Page:A Treatise on Electricity and Magnetism - Volume 1.djvu/216
except when , in which case we have, by equation (60),
These expressions give the value of the surface-integral of the square of any surface harmonic of the symmetrical system.
We may deduce from this the value of the integral of the square of the function , given in Art. 132,
This value is identical with that given by Thomson and Tait, and is true without exception for the case in which .
142.] The spherical harmonics which I have described are those of integral degrees. To enter on the consideration of harmonics of fractional, irrational, or impossible degrees is beyond my purpose, which is to give as clear an idea as I can of what these harmonics are. I have done so by referring the harmonic, not to a system of polar coordinates of latitude and longitude, or to Cartesian coordinates, but to a number of points on the sphere, which I have called the Poles of the harmonic. Whatever be the type of a harmonic of the degree , it is always mathematically possible to find points on the sphere which are its poles. The actual calculation of the position of these poles would in general involve the solution of a system of equations of the degree . The conception of the general harmonic, with its poles placed in any manner on the sphere, is useful rather in fixing our ideas than in making calculations. For the latter purpose it is more convenient to consider the harmonic as the sum of conjugate harmonics of selected types, and the ordinary symmetrical system, in which polar coordinates are used, is the most convenient. In this system the first type is the zonal harmonic , in which all the axes coincide with the axis of polar coordinates. The second type is that in which of the poles of the harmonic coincide at the pole of the sphere, and the remaining one is on the equator at the origin of longitude. In the third type the remaining pole is at 90° of longitude.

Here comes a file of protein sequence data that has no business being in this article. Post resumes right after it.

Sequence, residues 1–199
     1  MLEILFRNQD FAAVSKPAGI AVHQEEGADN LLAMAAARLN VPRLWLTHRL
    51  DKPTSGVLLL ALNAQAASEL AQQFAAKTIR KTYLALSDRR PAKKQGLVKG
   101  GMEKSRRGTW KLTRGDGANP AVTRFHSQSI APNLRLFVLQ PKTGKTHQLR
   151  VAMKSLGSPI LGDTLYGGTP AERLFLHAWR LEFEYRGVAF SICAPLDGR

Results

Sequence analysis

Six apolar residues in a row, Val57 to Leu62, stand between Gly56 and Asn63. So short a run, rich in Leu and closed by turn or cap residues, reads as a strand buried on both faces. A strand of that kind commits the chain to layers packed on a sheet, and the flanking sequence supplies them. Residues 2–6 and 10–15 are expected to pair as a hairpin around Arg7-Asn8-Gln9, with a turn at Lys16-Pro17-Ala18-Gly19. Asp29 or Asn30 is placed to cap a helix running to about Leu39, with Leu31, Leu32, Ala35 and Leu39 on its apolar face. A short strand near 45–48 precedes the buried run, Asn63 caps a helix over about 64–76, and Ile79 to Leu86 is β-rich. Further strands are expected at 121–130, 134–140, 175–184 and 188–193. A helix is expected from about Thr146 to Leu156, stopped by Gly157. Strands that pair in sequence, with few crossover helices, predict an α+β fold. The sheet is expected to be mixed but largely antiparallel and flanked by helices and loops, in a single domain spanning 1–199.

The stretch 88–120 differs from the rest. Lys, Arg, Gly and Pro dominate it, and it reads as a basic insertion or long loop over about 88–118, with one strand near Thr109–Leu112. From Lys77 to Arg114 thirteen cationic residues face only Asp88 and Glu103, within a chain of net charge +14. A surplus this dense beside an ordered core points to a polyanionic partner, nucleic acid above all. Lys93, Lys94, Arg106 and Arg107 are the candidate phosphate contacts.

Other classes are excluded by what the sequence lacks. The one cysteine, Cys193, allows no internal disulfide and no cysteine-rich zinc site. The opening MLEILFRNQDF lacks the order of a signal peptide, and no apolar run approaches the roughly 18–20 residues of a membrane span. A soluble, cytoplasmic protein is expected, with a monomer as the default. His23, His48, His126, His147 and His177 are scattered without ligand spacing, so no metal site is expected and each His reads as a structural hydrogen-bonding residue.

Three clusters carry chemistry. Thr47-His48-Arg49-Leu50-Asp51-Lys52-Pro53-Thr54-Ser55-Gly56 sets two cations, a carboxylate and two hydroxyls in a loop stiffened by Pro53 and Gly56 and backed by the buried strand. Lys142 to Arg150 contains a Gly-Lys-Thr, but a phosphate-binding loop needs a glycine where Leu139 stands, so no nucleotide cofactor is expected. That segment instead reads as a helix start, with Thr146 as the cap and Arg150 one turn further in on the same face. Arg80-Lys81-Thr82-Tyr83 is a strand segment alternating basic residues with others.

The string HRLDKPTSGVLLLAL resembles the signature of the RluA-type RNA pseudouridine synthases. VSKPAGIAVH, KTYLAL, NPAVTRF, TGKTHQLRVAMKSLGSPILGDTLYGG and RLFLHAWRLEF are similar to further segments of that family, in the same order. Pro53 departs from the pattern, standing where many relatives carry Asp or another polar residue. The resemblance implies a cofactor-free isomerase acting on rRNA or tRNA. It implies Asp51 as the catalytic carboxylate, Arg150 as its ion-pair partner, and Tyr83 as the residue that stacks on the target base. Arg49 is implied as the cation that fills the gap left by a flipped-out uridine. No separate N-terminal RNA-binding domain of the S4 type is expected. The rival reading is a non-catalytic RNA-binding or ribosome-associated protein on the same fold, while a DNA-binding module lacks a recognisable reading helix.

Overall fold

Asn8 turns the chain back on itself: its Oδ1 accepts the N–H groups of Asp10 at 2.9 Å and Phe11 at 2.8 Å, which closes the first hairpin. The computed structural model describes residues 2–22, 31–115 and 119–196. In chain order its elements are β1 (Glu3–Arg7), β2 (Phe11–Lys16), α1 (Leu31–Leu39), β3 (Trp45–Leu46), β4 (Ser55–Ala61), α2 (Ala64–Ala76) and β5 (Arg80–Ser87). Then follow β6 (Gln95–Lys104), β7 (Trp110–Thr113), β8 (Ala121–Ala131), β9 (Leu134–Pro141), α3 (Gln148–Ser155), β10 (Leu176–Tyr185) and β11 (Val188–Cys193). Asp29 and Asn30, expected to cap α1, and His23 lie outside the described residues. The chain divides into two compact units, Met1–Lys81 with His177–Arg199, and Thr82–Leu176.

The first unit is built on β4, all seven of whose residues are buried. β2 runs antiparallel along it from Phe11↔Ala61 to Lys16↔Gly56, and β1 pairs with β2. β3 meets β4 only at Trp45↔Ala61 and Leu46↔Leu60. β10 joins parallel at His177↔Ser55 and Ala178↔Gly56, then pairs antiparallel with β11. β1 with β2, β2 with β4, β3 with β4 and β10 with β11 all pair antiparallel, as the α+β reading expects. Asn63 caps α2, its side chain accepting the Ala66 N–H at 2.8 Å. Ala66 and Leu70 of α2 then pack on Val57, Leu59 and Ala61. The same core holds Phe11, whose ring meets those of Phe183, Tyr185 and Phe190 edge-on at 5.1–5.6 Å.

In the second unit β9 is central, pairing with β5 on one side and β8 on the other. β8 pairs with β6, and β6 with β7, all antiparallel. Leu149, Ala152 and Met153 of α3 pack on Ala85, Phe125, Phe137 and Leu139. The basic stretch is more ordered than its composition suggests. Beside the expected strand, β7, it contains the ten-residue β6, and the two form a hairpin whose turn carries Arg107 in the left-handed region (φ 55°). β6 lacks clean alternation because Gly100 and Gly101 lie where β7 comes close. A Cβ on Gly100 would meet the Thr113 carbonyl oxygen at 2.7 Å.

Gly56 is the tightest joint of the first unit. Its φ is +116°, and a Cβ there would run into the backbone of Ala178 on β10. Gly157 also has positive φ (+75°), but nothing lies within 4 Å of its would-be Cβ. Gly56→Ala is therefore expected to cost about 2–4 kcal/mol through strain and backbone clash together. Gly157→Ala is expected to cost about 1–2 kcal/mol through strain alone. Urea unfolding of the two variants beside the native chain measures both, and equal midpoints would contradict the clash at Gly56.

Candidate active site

In the same way the type in which poles coincide at the pole of the sphere, and the remaining a are placed with their axes